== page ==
Acoustic imaging is the use of ultrasound to produce real-time images of almost undetectable noise, but its roots with sounds go far back into history. Let’s first take a look at Pythagoras, the Greek philosopher (and the man behind the theorem) as well as a student of astronomy and-for our purposes here-the man who invented the theory of music. Pythagoras experimented with individual and sets of vibrating strings. These produced what we call “music” today and led to the modern tuning system bearing his name.
Nature has been employing acoustic imaging for as long as we’ve existed. Bats and dolphins use sound waves to find their way - i.e. to “see”. Humans lacking in this particular superpower instead developed their own technology, mimicking what was occurring in the natural world.
Hippocrates, in the fifth century BC, realized he could listen to sounds in a patient's chest (later called auscultation) but it took 2200 years for French physician René Théophile Hyacinthe Laënnec to write his treatise on it. The inventor of the stethoscope, Laënnec is considered to be the father of chest medicine (although Hippocrates might have something to say about that).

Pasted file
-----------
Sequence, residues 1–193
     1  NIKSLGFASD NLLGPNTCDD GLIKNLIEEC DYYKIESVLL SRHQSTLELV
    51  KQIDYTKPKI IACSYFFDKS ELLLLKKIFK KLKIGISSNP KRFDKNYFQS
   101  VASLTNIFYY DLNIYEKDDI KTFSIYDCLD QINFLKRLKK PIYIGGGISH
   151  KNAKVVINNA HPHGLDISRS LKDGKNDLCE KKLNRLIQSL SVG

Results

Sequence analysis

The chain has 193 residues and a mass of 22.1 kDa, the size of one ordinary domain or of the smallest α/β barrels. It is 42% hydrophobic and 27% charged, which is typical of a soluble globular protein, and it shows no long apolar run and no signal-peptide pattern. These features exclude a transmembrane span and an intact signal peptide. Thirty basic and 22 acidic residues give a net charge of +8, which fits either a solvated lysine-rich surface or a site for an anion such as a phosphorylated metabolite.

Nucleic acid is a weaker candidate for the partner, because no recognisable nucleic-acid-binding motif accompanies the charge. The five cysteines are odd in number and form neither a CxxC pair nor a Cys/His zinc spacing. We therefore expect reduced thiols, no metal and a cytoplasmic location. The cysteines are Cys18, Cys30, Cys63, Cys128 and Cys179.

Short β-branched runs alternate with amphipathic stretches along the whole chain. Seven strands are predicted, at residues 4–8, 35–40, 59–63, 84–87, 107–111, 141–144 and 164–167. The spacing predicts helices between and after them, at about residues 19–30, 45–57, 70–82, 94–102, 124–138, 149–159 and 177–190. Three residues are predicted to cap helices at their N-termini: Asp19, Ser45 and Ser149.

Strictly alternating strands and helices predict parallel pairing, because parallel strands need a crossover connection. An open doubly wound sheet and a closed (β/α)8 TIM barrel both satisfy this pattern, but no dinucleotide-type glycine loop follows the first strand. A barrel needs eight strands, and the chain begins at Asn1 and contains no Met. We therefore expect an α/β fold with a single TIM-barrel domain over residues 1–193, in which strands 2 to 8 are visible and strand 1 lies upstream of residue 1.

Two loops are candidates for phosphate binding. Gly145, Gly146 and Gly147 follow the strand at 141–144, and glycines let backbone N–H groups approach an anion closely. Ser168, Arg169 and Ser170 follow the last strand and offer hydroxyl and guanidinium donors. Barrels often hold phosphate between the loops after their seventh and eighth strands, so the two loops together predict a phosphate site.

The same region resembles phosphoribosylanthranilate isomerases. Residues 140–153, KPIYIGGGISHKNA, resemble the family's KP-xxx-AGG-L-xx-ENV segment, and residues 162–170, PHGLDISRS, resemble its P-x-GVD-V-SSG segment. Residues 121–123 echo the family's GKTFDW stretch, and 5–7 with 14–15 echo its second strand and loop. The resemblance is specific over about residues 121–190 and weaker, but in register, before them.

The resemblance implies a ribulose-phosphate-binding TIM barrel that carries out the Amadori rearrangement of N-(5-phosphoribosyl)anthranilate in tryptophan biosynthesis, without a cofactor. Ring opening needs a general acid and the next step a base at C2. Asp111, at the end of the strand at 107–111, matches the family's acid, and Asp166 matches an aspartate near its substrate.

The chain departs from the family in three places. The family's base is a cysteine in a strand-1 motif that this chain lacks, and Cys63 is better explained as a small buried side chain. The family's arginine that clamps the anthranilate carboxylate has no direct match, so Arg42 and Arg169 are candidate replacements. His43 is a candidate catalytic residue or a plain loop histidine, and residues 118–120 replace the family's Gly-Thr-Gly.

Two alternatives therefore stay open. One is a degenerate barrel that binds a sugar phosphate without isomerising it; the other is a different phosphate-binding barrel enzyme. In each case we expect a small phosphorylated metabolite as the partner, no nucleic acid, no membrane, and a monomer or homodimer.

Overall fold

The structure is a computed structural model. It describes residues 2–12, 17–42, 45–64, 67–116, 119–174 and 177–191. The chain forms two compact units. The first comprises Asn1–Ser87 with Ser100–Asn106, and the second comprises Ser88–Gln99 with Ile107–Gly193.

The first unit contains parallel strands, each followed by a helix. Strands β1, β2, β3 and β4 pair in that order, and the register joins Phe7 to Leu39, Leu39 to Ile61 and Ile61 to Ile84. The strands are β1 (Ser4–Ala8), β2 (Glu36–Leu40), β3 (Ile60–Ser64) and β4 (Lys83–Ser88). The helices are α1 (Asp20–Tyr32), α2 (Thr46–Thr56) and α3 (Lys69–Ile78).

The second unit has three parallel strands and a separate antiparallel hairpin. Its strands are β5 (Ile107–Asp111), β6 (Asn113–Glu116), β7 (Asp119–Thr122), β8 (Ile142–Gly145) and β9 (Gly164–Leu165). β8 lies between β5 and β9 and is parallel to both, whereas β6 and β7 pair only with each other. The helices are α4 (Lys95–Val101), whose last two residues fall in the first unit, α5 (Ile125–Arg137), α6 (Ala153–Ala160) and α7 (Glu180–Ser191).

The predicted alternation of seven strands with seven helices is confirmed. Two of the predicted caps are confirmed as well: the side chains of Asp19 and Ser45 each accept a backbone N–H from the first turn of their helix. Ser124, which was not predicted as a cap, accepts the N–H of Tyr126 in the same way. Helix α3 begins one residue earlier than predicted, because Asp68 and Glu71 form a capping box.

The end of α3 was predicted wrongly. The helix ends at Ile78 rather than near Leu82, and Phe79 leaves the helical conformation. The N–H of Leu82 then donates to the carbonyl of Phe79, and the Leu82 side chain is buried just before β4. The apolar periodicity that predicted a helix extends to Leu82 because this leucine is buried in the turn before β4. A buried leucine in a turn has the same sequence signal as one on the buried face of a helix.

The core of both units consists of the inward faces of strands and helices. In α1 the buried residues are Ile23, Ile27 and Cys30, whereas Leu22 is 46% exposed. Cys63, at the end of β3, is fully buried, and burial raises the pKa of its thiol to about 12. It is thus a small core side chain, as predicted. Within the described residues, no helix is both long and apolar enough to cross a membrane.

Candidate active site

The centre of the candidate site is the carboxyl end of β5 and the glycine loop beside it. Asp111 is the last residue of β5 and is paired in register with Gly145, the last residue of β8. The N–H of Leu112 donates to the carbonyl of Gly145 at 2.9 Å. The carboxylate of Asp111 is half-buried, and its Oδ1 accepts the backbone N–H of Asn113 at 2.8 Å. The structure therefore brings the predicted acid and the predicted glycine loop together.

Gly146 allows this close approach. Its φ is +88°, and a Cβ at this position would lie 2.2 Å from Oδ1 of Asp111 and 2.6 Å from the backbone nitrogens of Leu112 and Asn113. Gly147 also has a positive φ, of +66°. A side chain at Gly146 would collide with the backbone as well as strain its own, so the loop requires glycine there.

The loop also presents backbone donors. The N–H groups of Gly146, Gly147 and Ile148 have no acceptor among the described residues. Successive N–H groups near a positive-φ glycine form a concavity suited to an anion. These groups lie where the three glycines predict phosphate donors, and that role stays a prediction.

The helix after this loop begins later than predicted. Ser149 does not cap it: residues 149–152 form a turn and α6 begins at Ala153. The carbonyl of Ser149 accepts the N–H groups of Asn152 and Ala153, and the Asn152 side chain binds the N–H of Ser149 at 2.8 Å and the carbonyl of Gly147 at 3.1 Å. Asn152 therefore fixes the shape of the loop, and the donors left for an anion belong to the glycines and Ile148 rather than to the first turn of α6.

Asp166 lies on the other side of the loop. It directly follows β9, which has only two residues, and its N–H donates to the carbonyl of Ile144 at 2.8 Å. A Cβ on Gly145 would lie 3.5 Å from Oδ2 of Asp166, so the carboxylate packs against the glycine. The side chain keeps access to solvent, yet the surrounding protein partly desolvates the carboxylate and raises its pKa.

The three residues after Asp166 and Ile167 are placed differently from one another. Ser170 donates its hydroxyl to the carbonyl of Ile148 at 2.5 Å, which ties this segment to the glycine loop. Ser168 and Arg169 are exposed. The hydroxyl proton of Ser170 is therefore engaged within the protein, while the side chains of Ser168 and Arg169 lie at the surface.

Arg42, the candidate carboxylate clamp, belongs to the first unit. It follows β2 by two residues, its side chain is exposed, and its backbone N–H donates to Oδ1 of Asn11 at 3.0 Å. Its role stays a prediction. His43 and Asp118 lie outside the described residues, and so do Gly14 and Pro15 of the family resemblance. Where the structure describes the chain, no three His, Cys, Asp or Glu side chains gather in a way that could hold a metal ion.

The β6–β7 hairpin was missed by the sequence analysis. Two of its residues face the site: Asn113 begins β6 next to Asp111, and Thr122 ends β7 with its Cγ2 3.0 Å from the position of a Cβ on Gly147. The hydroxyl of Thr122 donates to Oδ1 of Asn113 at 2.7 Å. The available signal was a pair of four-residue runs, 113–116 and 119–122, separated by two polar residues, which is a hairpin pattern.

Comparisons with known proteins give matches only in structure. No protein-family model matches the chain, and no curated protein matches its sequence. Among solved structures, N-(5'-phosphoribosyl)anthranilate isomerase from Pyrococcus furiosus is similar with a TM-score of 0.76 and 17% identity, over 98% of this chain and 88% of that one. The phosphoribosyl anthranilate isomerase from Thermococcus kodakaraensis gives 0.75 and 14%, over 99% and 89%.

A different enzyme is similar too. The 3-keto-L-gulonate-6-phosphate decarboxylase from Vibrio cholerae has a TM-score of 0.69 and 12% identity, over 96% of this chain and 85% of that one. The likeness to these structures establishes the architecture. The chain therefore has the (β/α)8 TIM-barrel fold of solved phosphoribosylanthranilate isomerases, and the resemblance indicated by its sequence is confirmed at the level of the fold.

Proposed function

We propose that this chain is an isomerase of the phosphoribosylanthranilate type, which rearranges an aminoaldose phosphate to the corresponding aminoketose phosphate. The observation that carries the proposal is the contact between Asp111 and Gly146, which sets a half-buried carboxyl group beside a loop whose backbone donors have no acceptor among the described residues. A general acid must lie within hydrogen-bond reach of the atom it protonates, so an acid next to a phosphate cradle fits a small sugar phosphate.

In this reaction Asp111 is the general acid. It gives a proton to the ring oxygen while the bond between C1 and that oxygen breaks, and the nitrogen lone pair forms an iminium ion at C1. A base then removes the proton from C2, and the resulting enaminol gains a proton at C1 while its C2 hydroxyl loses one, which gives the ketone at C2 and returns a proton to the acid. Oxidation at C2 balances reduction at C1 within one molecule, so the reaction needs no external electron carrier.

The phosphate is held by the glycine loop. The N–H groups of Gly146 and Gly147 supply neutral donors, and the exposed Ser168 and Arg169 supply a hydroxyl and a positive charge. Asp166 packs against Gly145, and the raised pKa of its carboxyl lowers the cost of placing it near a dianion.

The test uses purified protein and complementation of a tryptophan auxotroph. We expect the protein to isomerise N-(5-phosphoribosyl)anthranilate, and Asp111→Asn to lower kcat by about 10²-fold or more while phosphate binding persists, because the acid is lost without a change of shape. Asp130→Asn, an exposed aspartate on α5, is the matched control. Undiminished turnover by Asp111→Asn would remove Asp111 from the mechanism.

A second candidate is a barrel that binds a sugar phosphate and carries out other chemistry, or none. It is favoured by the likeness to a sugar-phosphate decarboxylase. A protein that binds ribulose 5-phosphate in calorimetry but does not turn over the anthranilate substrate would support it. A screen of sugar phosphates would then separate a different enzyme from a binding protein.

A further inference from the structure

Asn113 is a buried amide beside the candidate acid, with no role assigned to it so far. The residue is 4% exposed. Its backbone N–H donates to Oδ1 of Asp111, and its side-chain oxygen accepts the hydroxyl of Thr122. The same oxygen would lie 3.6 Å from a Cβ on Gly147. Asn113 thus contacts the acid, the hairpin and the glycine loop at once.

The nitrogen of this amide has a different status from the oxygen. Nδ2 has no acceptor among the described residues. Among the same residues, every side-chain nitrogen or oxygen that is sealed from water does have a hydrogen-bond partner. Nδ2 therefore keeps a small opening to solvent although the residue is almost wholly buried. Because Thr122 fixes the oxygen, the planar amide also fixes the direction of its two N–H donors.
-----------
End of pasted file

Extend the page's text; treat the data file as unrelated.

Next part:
Sonograms, ultrasounds, and imaging oh my!
Acoustic imaging and ultrasonic imaging were synonymous up until about 30 years ago when shear wave imaging was discovered. Wave imaging provides information in an in depth way such that the stethoscope (and ultrasound) cannot. The two types of acoustic waves used in medical imaging are now the standard for “seeing” sounds in the medical field.
As you can see, acoustic imaging has been around since almost the beginning of time. What was once solely the province of nature, has been adapted by humans to visualize noise and sound to detect, please, soothe and heal. Who knows what acoustic imaging will do in the future?